Floisand Studio's New Tree-Rich, Budget-Wise House on Mercer Island
“I’ve never heard anyone say this before,” says Jeremy Knievel in a tone mixed with awe and pride: “I started a house project and finished within the budget that we’d planned for.”
This rare feat was pulled off thanks to a concerted collaboration that keenly balanced penny-pinching and design aspirations between the young homeowners, Jeremy and Danica, and their architects, Allison Hogue and Richard Floisand of Seattle’s Floisand Studio architects.
The couple’s first smart move was selecting architects with a knack for inventive, budget-friendly design. (Theirs was one of the few Websites, says Danica, that even discussed budgets.) The resultant design is all the more impressive when you consider that some hefty charges were involved simply to build bigger on the site in question. The new house’s location on a steeply sloping, relatively narrow, tree-laden section of east Mercer Island, on the same high knoll as the original rambler it replaced, meant installing a $36,000 stormwater-detention system. “[On Mercer Island] if you add more than 500 square feet of impervious surface [for example, a bigger roof] then you are required to provide for storm-water detention if you don’t have any access to a public storm-water system, which they didn’t,” explains Allison Hogue. Other must-dos included installing an interior sprinkler system (due to some tricky driveway access for fire engines) and pin-piles to anchor the two-story home firmly into its slope. “We had a lot of cost that had to go into just site work,” says Hogue, “so we took the approach of keeping the house’s design as clean and simple as possible.”
The architects’ elegant, economical solution to what Richard Floisand called the site’s “puzzle of trees and light” was to create two narrow parallel volumes, minimizing framing costs, that met briefly at the waist and reached high up into the tree canopy. (Amazingly, for such a tree-thick property, very few trees ultimately had to be removed.) While one volume is dedicated to the upstairs and its private sleeping and bathing quarters, the other holds the main living areas downstairs, including the central open kitchen complete with a long-and-lean kitchen bar.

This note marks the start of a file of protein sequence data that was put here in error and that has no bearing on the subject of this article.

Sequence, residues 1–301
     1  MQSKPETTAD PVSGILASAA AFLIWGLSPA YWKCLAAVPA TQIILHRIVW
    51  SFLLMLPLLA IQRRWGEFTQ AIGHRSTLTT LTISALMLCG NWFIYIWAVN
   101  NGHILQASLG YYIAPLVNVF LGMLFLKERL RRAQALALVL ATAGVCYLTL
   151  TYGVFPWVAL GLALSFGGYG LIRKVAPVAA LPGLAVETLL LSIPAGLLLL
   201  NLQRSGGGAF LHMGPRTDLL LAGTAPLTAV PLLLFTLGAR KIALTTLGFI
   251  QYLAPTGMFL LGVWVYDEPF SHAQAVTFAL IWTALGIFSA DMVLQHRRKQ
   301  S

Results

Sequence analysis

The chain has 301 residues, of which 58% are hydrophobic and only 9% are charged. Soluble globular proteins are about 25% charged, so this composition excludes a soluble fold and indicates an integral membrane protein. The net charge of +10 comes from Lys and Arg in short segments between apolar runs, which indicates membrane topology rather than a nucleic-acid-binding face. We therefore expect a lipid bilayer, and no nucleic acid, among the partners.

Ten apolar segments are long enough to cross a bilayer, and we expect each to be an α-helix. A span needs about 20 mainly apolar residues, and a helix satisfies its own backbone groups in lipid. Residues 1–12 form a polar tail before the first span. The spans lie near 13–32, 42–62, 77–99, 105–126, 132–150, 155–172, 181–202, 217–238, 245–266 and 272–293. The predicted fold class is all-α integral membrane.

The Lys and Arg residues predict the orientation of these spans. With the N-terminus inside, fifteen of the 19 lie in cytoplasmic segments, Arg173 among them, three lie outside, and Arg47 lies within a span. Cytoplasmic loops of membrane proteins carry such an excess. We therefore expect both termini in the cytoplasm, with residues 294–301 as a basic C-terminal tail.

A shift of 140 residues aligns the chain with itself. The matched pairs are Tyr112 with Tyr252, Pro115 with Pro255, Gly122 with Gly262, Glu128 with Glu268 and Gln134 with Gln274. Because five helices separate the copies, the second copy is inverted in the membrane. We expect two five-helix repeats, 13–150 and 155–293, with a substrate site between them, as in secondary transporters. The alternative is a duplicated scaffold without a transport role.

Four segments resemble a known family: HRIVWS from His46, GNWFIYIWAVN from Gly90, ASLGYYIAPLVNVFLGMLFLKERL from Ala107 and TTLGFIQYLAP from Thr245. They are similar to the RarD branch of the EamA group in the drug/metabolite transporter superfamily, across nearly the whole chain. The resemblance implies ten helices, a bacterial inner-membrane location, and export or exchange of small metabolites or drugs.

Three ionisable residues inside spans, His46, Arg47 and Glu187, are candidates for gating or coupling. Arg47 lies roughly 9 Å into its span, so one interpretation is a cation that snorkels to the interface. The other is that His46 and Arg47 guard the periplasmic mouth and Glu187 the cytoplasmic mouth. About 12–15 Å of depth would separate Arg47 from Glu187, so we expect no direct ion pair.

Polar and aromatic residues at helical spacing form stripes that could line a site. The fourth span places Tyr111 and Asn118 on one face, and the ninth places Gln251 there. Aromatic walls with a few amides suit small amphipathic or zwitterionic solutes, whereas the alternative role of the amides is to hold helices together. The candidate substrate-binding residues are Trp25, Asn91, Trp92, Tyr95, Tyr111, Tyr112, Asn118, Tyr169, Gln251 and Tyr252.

Both volumes benefit from the home’s light-and-arboreal-rich vertical climb, resulting in generous ceiling heights that include a stunning double-height ceiling in the dining room. “It’s essentially two offset rectangular bars,” explains Floisand of the design concept. “At the ends that are not connected, you get private and open spaces,” such as the fireplace-graced living room (the homeowners’ favorite spot), which Floisand describes as a beautiful kind of island with glass all around. Conversely, where the volumes do meet, such as at the kitchen and stairwell, there is a practical interconnectedness.
“We wanted open but defined rooms,” says Danica, “and we fell in love with the downstairs floor plan, its openness and how you can stand in just about any room and see across the way to what your kids are doing.” Adds Jeremy, “It’s fascinating having parties now and watching how people use the space. Where they congregate and how they float is exactly how we discussed. Everyone likes to float around the kitchen bar for sure.”
The couple kept costs within bounds by employing their own DIY skills, including taking on much of the finish work, such as installing all of the cabinetry and hiring many of the subcontractors, and by using less expensive materials, such as Ikea cabinetry. They also proved to be a masterful example of how to creatively maximize personal connections. As well as getting a custom shower door and enclosure at cost from a cousin’s company, they enlisted a friend, who happened to be a civil environmental engineer, to volunteer his technical services for that spendy storm-water system. “He agreed to do it for free for beer for life,” says Jeremy with a laugh. (Although their architects armed them with a fail-safe plan for their general contractor, one cost-saving measure that the couple would advise against is skipping on an architect’s expertise during the construction phase.) They even inherited their color scheme from a friend. Says Jeremy, “He had worked with an interior designer and we said, ‘We love about five of your eight colors, can we use them?’ We literally took his paint cans.” The way the colors and warm woods work with the architects’ lighting design is another favored feature. “We’ll just dim the lights and it physically calms the kids down and we all go into hibernation mode,” says Jeremy. “If you drive by our house at night it just has a glow about it, and if you drive by on a sunny day, you can kind of see right through it.”